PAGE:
“[B]reach of duty questions [are] usually reserved for the jury.” Rodriguez v. Del Sol Shopping Ctr. Assocs., L.P., 2014-NMSC-014, ¶ 14, 326 P.3d 465. “Foreseeability as it relates to breach of duty is a general analysis and does not require that the particular harm to the plaintiff have been anticipated.” Id. at ¶ 4. Put another way, “[t]he duty element of negligence focuses on whether the defendant's conduct foreseeably created a broader ‘zone of risk' that poses a general threat of harm to others.” Herrera, 2003-NMSC-018 at ¶ 8. The question before the jury in determining if an owner breached its duty “is whether the foreseeable likelihood and severity of injuries that might have occurred due to the defendant's conduct warranted the additional precautions argued by the plaintiff.” Rodriguez, 2014-NMSC-014 at ¶ 4.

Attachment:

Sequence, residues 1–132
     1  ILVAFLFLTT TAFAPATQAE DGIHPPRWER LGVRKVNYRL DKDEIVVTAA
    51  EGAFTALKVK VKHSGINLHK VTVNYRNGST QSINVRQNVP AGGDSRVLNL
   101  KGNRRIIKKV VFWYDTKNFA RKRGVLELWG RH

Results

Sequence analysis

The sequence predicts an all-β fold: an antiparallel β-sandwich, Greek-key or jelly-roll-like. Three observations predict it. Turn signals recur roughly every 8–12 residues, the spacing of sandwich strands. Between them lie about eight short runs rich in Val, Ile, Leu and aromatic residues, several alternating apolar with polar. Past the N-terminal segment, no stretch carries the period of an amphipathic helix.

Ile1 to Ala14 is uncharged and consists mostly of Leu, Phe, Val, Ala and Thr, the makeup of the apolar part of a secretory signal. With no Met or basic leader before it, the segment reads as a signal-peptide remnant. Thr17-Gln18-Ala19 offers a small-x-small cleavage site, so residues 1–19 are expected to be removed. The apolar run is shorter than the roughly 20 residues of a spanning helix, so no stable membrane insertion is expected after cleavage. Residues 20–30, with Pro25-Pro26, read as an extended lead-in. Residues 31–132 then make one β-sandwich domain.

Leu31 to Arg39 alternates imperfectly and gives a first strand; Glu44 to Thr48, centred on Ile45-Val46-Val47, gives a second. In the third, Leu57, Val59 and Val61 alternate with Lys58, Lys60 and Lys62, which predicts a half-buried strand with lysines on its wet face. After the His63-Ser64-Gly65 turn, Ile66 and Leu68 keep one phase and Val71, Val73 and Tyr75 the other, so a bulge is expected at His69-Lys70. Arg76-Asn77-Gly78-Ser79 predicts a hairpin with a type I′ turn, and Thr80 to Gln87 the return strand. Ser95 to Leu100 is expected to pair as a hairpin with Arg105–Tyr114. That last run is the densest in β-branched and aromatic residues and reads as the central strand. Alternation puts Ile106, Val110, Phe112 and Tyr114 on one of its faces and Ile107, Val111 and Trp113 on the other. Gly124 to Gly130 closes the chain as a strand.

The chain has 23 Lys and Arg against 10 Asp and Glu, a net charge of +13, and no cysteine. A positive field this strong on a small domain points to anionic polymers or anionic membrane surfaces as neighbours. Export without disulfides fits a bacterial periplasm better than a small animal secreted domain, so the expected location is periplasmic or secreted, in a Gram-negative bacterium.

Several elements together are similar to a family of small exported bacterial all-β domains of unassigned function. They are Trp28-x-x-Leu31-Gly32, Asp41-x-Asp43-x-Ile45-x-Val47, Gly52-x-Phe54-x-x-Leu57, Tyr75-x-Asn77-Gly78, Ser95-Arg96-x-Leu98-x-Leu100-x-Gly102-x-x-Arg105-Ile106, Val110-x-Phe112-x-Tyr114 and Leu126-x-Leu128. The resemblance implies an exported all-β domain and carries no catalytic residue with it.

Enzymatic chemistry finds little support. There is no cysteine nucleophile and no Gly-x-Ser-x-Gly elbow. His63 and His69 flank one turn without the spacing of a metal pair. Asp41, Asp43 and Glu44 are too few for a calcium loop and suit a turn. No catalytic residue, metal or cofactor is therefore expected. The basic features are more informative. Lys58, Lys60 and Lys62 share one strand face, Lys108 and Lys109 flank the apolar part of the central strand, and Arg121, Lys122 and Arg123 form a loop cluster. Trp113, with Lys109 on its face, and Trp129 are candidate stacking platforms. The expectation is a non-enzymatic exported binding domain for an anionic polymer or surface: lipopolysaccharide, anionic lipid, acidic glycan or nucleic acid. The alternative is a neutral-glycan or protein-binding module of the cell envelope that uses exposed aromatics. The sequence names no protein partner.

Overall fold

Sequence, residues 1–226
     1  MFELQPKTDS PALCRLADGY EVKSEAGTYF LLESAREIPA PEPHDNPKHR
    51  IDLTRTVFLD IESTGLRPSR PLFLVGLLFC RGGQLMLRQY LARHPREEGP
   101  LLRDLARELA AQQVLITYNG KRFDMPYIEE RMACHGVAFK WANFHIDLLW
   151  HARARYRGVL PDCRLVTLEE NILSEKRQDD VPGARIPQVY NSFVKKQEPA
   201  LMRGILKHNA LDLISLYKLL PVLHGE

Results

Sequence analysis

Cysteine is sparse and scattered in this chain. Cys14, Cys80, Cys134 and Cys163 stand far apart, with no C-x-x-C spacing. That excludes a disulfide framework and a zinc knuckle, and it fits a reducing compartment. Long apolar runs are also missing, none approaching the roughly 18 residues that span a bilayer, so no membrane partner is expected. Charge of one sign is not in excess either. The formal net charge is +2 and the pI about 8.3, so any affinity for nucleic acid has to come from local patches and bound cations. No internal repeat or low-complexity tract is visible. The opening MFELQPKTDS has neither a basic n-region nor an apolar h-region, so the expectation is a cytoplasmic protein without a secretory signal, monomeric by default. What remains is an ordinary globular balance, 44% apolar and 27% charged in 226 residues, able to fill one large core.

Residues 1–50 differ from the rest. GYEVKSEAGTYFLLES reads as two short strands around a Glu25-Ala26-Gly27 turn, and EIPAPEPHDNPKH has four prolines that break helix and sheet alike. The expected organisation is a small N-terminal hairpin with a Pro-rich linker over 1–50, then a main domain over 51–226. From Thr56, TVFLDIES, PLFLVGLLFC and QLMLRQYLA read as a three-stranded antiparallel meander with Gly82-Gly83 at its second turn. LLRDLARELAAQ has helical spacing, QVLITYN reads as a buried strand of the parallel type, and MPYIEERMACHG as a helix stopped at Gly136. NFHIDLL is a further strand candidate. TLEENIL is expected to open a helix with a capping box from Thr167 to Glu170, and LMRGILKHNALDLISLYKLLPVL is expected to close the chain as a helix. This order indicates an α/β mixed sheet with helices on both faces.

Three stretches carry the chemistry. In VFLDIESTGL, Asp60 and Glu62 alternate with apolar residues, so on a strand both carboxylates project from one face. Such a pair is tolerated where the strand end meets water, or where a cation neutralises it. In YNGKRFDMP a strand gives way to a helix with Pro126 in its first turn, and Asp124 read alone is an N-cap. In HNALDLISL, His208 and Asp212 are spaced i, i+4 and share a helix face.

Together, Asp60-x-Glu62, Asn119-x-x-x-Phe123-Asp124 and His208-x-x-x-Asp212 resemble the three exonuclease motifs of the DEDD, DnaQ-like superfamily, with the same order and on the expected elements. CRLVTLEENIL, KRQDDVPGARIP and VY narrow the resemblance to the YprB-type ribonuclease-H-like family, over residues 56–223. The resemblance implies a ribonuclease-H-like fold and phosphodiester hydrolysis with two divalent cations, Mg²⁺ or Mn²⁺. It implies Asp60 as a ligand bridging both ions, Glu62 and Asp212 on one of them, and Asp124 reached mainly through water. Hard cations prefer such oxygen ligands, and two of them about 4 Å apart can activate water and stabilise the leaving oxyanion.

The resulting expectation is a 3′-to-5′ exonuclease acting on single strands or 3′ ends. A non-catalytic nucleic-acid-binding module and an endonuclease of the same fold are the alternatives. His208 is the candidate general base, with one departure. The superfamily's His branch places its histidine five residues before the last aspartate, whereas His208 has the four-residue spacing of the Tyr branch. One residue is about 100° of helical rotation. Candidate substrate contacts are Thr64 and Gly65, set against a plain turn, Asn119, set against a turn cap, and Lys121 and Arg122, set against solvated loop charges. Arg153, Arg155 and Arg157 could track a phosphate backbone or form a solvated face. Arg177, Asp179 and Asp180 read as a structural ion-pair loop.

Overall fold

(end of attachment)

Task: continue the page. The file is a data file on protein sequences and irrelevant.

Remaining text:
Like foreseeability in the context of a breach of duty, “proximate cause is generally a question of fact for the jury.” Herrera, 2003-NMSC-018 at ¶ 8. Proximate causation also has a foreseeability element that “is concerned with whether and to what extent the defendant's conduct ...